The reason there hasn't been much in the way of writing reports from me is because there's not much to tell. I've written a couple of poems (one being the one about snowflakes I posted about a week and a half ago) and made some progress on one of the stories I'm working on. That's about it though. I know there are those who will say I'm simply guilty of excuses and the fine art of self sabotage. They'd be right, to a certain extent. Some of it is just me allowing myself to make excuses. Some of the excuses are out of my control though, since I spent a lot of January working to the timetables of others, which does tend to complicate matters. Basically, there is progress, just not much of it. So, while you wait for me to have something worth saying in regards to my own writing, please enjoy the links I've gathered together for you this week.
Not that I have many for you this week, but...
Regardless of what you're writing, you may want to take a look at these three tips for describing eyes in a story.
Also, if you've reached the editing phase with your current writing project, here are ten editing tips that may help you out. They're officially aimed at writers of short stories, but are a great place to start regardless of the length of your work. As a point though, number three may not apply, especially if you write stories for younger readers, where repetition is actually encouraged.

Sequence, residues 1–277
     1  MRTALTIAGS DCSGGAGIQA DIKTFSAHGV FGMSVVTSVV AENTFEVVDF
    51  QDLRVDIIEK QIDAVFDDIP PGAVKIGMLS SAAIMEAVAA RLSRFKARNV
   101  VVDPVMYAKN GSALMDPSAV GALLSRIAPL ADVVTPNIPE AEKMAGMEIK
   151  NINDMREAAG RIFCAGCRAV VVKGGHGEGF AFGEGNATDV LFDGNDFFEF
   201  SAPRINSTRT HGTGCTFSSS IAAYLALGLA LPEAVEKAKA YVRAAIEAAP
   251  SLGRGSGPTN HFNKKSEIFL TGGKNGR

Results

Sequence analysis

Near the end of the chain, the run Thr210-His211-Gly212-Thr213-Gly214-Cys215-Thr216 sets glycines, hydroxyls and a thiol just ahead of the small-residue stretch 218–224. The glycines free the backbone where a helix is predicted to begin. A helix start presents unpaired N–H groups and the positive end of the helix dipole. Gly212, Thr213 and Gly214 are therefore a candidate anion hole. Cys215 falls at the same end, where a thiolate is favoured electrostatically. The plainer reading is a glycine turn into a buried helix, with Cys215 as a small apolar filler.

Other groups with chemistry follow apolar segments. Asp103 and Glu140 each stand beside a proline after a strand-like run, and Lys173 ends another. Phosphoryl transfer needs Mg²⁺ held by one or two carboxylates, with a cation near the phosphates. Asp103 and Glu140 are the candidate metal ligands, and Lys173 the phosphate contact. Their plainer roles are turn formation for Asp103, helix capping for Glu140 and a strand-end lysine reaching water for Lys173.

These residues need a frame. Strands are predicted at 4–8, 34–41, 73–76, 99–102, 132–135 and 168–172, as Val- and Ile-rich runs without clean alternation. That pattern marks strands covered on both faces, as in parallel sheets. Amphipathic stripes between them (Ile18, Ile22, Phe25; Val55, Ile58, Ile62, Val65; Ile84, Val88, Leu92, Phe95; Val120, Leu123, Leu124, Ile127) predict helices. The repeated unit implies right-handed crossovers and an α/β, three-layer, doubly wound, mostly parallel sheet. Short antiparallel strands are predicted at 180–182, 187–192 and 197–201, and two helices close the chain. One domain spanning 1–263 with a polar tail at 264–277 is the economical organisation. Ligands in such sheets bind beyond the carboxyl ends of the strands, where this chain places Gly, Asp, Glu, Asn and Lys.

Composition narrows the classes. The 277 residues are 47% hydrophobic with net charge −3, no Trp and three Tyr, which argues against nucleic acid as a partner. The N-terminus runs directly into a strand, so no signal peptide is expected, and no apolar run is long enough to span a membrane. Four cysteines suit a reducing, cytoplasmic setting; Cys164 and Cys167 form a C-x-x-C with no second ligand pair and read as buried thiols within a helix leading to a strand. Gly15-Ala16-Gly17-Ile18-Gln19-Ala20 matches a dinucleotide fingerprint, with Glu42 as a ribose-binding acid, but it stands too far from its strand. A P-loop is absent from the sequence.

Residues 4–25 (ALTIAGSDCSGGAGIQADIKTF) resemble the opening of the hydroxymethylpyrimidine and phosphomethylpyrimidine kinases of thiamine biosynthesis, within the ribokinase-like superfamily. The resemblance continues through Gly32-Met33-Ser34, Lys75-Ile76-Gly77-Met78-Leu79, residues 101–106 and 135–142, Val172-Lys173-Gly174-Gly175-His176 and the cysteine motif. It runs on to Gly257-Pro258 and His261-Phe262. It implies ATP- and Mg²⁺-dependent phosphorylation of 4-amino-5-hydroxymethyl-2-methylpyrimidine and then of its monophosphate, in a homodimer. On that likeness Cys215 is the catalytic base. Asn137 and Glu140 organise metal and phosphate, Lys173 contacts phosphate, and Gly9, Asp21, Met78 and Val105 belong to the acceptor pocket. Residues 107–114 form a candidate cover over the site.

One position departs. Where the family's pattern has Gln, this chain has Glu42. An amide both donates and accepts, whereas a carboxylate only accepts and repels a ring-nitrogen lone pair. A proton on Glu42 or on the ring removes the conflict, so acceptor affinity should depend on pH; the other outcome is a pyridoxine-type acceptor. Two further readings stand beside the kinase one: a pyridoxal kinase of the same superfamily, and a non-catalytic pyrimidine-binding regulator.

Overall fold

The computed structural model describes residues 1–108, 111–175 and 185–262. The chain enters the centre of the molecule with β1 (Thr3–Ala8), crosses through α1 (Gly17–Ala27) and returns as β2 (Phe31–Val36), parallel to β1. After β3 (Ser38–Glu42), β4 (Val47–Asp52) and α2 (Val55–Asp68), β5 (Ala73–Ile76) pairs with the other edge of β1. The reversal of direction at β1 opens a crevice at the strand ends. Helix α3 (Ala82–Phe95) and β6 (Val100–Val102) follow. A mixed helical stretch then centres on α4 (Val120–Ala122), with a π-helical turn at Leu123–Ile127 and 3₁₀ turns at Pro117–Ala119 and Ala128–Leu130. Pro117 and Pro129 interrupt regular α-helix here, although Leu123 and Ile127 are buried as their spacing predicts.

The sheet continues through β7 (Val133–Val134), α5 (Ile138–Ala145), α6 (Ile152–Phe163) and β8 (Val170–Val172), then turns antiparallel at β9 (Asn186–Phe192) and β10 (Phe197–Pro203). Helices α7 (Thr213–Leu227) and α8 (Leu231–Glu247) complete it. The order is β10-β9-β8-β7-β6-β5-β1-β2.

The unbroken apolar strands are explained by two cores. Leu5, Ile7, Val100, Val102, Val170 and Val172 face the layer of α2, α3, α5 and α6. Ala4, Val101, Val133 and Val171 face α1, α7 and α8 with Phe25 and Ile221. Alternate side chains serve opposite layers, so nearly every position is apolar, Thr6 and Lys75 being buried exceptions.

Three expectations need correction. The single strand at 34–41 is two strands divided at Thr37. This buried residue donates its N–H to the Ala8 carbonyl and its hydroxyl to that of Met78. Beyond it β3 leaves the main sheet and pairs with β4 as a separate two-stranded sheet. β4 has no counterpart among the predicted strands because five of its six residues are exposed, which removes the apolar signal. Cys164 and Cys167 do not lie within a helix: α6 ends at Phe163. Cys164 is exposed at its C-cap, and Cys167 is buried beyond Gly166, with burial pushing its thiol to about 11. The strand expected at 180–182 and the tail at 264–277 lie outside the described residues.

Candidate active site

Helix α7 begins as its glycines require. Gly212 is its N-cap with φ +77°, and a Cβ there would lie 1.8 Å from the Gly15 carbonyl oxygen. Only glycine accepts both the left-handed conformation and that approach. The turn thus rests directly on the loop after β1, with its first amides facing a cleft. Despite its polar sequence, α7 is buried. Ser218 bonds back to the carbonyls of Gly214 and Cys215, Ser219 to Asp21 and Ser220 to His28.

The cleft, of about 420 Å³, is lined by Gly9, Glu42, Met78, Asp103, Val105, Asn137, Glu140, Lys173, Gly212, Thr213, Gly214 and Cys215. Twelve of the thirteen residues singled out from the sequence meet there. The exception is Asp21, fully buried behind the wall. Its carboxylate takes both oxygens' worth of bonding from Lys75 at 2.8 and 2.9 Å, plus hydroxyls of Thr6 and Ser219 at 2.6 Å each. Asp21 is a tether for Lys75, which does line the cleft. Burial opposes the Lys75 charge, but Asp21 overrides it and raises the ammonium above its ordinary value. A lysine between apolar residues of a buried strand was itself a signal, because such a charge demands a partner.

At some point you're going to need to decide the answer to the question, "Does your book need a sequel?" Which is something you can decide at any point during the writing or book production process. As the post explains, it's sometimes fans who will make you think about it, but it's something only you can really answer, and you shouldn't do it if your book doesn't need one and your heart isn't in it.
Finally, if you're interested, here's a list of poetry forms; useful if you write poetry, or want to do so, and potentially interesting if you enjoy reading poetry. Of course, there are poems that break all the rules, and don't fit properly in to any of those... Isn't that the case with all types of writing? But that post is a good one to get you started on identifying types of poetry forms, so I thought I'd share it for anyone interested in checking it out.